About 20% of U.S. broadband households get live TV through an antenna, Parks Associates says

(Pixabay)

The percentage of U.S. broadband households that use digital antennas in their homes increased to 20% near the end of 2017, up from 16% in early 2015, according to Parks Associates.

"Increasingly, consumers are cobbling together their own bundles of content sources. Digital antennas are experiencing a resurgence as consumers consider over-the-air TV and OTT video services as alternatives to pay TV," said Brett Sappington, senior director of research at Parks Associates, in a statement. "The percentage of 'Never' households (households that have never subscribed to pay-TV services) has held steady, and the percentage of households actually cutting the cord has increased between 2015 and 2017. Antennas are an affordable source for local channels to these households."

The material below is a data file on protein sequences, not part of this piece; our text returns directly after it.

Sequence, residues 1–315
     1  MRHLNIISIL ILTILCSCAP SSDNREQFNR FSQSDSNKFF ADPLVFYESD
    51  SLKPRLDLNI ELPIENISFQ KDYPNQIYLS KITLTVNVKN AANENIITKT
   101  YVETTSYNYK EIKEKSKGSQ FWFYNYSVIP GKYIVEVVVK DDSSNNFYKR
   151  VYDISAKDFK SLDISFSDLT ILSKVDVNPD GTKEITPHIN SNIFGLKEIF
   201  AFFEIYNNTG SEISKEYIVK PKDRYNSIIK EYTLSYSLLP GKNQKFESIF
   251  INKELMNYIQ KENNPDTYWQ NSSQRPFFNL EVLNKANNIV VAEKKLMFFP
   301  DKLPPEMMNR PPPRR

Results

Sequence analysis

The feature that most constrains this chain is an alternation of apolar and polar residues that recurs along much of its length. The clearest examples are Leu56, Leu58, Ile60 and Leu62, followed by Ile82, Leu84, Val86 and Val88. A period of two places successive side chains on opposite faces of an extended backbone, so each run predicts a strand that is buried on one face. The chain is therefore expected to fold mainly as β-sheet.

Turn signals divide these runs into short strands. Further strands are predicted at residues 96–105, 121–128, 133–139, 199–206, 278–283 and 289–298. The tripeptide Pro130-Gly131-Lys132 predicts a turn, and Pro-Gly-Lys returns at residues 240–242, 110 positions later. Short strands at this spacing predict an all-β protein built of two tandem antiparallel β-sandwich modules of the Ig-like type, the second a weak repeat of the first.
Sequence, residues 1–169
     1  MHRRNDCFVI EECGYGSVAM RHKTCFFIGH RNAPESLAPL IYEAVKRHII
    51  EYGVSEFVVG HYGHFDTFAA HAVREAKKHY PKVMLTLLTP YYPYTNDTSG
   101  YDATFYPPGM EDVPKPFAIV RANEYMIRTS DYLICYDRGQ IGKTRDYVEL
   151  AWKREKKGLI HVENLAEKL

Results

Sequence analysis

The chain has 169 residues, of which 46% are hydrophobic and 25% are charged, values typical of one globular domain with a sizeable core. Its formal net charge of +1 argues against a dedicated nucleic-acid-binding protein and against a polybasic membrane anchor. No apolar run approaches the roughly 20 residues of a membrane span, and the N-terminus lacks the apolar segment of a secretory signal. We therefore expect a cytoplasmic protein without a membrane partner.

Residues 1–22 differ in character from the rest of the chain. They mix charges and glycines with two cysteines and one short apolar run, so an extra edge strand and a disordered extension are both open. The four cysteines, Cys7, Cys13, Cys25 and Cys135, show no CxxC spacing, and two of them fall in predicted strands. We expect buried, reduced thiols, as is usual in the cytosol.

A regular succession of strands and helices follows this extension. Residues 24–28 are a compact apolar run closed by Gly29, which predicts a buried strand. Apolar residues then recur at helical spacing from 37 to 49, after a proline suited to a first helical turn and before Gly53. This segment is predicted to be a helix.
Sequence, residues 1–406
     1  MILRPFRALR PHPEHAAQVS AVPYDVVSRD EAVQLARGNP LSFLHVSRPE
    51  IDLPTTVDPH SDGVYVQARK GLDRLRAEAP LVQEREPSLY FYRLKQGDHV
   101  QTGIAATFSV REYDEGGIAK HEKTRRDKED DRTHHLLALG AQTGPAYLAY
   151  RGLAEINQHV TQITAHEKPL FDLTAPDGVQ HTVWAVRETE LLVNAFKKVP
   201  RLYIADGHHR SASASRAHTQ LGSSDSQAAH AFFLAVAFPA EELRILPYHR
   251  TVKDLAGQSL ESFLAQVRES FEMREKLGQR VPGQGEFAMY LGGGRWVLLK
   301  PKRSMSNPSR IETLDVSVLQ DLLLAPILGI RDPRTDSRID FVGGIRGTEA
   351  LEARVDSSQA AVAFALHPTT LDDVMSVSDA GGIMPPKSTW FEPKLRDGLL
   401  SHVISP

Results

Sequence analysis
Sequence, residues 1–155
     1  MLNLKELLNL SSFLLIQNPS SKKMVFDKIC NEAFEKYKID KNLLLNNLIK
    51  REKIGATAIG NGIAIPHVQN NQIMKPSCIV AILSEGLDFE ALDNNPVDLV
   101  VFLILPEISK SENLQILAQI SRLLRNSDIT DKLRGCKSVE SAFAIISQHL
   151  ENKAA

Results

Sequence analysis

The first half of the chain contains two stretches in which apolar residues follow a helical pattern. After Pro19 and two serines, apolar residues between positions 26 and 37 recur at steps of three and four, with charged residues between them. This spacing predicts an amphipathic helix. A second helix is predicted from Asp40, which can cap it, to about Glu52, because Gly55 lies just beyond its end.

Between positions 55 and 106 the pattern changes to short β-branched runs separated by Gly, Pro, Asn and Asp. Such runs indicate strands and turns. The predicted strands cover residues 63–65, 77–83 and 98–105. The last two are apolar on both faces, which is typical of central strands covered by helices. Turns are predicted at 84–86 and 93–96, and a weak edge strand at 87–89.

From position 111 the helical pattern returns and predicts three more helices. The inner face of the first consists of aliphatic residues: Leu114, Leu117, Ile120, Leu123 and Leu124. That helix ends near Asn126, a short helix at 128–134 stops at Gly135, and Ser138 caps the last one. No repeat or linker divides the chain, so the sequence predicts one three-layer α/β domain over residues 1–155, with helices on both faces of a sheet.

Parks said the main reasons for more consumers ditching big cable/satellite TV bundles are the high cost and lower perceived value.

RELATED: Pay-TV price the overwhelming top factor in cord cutting, TiVo says

There’s an apparent correlation between Parks Associates’ new research and a recent TiVo on pay-TV subscribers, which indicates price is the prime factor driving most cord-cutters.

“Pay-TV subscriptions have dropped each year since 2014, falling to 81% of U.S. broadband households in Q3 2016,” said Sappington.

Elsewhere in Parks’ latest 360 View: Access and Entertainment Services in U.S. Broadband Households report it’s revealed 17% of consumers who cancel their pay-TV service would have stayed with their provider if there were no monthly fees for their set-top boxes. In addition, 63% of subscribers who cannot currently restart programs from the beginning want that feature.

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